After the report of Hypsiboas roraima from Sierra de Lema, Venezuela (Barrio-Amorós & Duellman, 2009), there are further observations, which expand its distribution and provide data on its natural history. During a survey of the herpetofauna of the Río Cucurital Basin in the western part of Canaima National Park in Venezuela, JCS collected two specimens of Hypsiboas roraima on the slopes of Auyán-tepui at 950-1000 m (Señaris et al., 2009). These specimens (MHNLS 16085, 16086) were calling inside arboreal bromeliads in a shrubby area adjacent to Quebrada Rutapá, a tributary of the Cucurital river (05°43'17.7"N, 62°34'21.1"W, 950 m) on 9 November 2002.

A specimen (MHNLS 11380) collected by S. Gorzula on 28 February 1988 at Sur Sima Aonda (06°00'N, 62°35'W, 1600 m) on the summit of Auyán-tepui was reported as "Hylid species b" by Gorzula & Señaris (1999). Another specimen (MHNLS 11101) was collected by S. Gorzula on 26 November 1982 at "Caminata Uno" Guayaraca (05°42'N, 62°31'W, 950 m) on the southern slope of Auyán-tepui. This specimen was misidentified as "Scinax species a" by Gorzula & Señaris (1999), who mentioned its close similarity to other specimens collected by J. Ayarzagüena from La Escalera region in Sierra de Lema. Two specimens (MHNLS 10103 and KU 181072, Fig. 1C) are from higher elevations in the Sierra de Lema, Salto El Danto (1150 m), and km 112 on the El Dorado-Santa Elena de Uairén road (860 m), respectively. CLBA found an adult female (MHNLS 19656) at La Laja, Sierra de Lema (05°57'N, 61°30'W, 490 m) (Fig. 1B, D), and a subadult female (MHNLS 19657) at El Peñón, on the southern slope of Auyán-tepui, 1700 m (Fig. 1A).

Distribution and Habitat

In addition to the Venezuelan localities mentioned above, Hypsiboas roraima is known from Mounts Roraima, Ayanganna, and Wokomung in Guyana (Fig. 2). Although it has not been reported from Brazil, its presence in northern Roraima State is expected. The elevation range of the species is from 490 m at La Laja (Sierra de Lema) to 1700 m at Auyán-tepui summit. Only a few hylids have been reported from above 1500 m (Señaris & Ayarzagüena, 2002; MacCulloch et al., 2007) in the eastern Pantepui highlands (with the exception of H. roraima at Auyán-tepui and H. jimenezi at Auyán-tepui and Chimantá Gorzula, 1992; Señaris et al., 2009, and several species of Tepuihyla and Myersohyla McDiarmid & Donnelly 2005). Hypsiboas roraima is nocturnal. Some specimens were collected on branches or leaves in forest. Two males (MHNLS 16085-16086) were detected at night by their calls and both were calling in arboreal bromeliads between 2.5 and 4 m above the ground. The only water available in the area was inside leaves of bromeliads. A male (MHNLS 11101) was found on an epiphytic bromeliad on a tree, similar to the observations for MHNLS 10103 in the Sierra de Lema (J. Ayarzagüena, field notes May 1986). Based on a comment by D.B. Means, Faivovich et al. (2006) mentioned that males of Hypsiboas roraima call from bromeliads close to small streams.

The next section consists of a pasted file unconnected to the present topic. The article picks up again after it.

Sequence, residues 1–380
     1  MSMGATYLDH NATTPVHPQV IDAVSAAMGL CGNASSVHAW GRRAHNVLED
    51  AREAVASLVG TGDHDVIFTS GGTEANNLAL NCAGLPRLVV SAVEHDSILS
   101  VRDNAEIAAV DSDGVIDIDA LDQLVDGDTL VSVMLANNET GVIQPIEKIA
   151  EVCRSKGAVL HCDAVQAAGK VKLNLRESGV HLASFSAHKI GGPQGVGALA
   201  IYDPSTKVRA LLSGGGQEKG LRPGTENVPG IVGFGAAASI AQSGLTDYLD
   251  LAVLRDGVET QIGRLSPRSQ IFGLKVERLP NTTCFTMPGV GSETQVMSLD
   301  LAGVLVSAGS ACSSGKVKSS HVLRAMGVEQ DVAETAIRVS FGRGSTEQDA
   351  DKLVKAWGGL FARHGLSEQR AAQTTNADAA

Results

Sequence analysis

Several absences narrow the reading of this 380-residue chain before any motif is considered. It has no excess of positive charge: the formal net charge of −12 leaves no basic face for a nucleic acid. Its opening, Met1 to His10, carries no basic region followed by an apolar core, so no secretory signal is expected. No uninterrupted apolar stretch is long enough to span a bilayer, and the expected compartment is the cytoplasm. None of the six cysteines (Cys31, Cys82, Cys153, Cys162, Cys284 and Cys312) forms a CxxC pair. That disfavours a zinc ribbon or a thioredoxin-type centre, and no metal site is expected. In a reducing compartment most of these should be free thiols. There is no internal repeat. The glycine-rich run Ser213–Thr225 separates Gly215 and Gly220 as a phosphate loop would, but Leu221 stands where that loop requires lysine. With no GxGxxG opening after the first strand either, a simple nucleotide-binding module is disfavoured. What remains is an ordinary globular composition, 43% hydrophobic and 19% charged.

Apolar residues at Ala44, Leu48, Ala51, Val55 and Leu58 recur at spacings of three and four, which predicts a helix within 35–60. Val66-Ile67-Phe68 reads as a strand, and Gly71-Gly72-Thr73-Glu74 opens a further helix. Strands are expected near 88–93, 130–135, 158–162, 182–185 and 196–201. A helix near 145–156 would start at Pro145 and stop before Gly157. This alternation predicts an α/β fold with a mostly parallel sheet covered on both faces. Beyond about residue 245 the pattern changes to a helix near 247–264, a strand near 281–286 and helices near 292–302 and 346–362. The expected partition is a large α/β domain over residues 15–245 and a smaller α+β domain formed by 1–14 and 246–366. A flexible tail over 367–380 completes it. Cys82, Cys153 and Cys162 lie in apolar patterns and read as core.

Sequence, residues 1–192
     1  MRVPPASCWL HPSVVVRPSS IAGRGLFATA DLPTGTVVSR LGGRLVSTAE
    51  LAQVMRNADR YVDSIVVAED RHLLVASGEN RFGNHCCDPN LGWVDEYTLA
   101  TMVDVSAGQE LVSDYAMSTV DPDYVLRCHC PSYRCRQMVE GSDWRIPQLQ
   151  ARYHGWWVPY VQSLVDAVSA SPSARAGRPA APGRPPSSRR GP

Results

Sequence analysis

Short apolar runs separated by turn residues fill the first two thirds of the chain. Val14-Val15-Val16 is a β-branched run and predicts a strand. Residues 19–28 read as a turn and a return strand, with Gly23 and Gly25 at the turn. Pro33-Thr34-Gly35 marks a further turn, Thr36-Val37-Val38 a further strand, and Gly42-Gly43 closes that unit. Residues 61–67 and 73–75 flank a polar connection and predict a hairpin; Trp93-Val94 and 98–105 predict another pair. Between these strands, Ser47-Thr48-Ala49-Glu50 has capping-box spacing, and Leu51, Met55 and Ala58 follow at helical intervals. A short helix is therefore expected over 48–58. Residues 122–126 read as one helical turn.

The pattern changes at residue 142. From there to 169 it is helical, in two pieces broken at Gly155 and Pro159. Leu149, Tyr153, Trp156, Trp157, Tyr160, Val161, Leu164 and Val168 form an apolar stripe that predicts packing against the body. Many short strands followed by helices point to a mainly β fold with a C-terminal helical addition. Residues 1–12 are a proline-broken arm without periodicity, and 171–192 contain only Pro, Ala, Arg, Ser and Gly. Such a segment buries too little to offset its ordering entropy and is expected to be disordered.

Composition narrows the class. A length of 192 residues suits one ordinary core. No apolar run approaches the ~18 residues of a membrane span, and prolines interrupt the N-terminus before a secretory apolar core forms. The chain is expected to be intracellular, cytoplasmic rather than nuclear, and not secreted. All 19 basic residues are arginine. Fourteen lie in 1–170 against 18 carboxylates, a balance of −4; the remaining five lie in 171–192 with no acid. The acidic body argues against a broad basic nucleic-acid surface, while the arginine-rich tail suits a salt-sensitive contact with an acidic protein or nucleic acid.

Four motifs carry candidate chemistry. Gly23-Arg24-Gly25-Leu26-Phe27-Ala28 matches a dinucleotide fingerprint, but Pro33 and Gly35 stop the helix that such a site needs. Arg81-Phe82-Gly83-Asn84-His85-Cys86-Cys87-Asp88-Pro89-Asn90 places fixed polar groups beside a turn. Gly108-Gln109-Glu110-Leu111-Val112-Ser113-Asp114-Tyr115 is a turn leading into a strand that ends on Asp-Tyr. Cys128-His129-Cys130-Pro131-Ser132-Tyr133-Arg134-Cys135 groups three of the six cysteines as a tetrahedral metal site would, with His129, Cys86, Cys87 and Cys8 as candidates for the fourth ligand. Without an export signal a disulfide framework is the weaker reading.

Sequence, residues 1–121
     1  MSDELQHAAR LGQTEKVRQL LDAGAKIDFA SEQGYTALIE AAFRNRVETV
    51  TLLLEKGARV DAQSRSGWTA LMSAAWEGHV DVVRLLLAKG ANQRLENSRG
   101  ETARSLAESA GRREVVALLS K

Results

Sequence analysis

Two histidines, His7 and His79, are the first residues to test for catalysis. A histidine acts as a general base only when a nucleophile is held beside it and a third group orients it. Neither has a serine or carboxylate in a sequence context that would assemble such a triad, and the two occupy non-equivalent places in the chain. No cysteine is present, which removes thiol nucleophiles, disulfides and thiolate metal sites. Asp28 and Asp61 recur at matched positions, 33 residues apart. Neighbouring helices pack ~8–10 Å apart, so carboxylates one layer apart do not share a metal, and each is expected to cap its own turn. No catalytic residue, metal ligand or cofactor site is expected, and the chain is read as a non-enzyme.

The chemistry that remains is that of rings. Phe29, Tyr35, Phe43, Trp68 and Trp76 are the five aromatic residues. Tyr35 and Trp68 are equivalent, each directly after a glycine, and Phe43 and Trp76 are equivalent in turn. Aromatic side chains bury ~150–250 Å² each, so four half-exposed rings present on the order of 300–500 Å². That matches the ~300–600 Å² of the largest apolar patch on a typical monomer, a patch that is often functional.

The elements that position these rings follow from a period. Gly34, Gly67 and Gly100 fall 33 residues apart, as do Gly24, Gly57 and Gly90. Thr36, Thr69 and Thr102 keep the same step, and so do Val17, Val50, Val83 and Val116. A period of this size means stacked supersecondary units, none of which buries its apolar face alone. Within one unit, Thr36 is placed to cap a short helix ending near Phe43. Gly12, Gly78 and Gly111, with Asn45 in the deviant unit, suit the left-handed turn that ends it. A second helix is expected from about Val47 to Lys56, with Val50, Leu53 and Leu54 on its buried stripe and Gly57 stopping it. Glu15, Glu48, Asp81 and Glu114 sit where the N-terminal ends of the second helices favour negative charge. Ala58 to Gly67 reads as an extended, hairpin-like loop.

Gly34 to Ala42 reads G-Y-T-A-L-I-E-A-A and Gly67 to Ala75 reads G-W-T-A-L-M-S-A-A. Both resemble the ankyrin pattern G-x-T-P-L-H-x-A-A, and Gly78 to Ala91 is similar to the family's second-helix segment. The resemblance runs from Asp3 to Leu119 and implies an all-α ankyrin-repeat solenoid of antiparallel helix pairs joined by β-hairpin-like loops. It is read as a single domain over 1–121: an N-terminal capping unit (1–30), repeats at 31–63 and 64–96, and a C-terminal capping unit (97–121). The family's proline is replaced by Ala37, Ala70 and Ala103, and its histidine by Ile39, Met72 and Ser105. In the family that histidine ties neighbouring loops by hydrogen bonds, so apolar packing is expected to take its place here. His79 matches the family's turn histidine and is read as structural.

Vocalization

Advertisement calls of Hypsiboas roraima from Quebrada Rutapá, headwater of Río Cucurital, Canaima National Park, Bolívar State, Venezuela (MHNLS 16085), were recorded on 8 November 2002, between 07:45 and 08:30 PM, at 22°C. The call consists of one modulated note (Fig. 3) repeated continuously, with a rate of 3-5 calls per second (180-300 calls/minute). The notes duration vary from 14.1 to 23.7 msec (x = 19.05 ± 2.9, n = 52) and the notes intervals from 200.7 to 417.4 msec (x = 285,5 ± 52,01, n = 51). The fundamental frequency ranges from 1600 to 1700 Hz and the dominant frequency from 2540 Hz to 2661 Hz (x = 2616 ± 33, n = 22). Other harmonics appear at 5050-5170 Hz, 7278-7903 Hz, 10150-10160 Hz and 12092-12854 Hz (Fig. 3A, B).

 


 

Compared with the recorded vocalization of Hypsiboas roraima, the advertisement call of H. angelicus (Myers & Donnelly, 2008) also is a long train of short "beeps" for one minute at 16.4°C (taken at 1600 m). The rate was 2.6 notes per minute and the dominant frequency rises from 1800 to 2400 Hz. The variation between the call of both species could be attributed to the differences in air temperature, as in the case of Hyloscirtus labialis (Lüddecke & Sánchez, 2002).

Morphology and Color Pattern

Measurements of all examined specimens are in Table 1. All measurements fall within the ranges reported by Duellman & Hoogmoed (1992) and MacCulloch & Lathrop (2005).

Although MacCulloch & Lathrop (2005) reported no webbing on the hand in H. roraima, basal webbing is present in all specimens, as illustrated in Duellman & Hoogmoed (1992).

Myers & Donnelly (2008:29-30) discuss the presence of elongate tubercles on either side of a vertical channel below the vent in the holotype of H. angelicus. They expressed uncertainty if these tubercles might be diagnostic of H. angelicus or they are resulting from the fusion of round cloacal tubercles. Similar elongate tubercles were found in two specimens of H. roraima from Mount Wokomung, ROM 43423 and 43432, and one male from the base of Auyán-tepui, MHNLS 16085 (Fig. 4A), and less developed in a female from the high slopes of Auyán-tepui, MHNLS 19657 (Fig. 4B). We conclude that the pattern of cloacal tubercles is variable in H. roraima.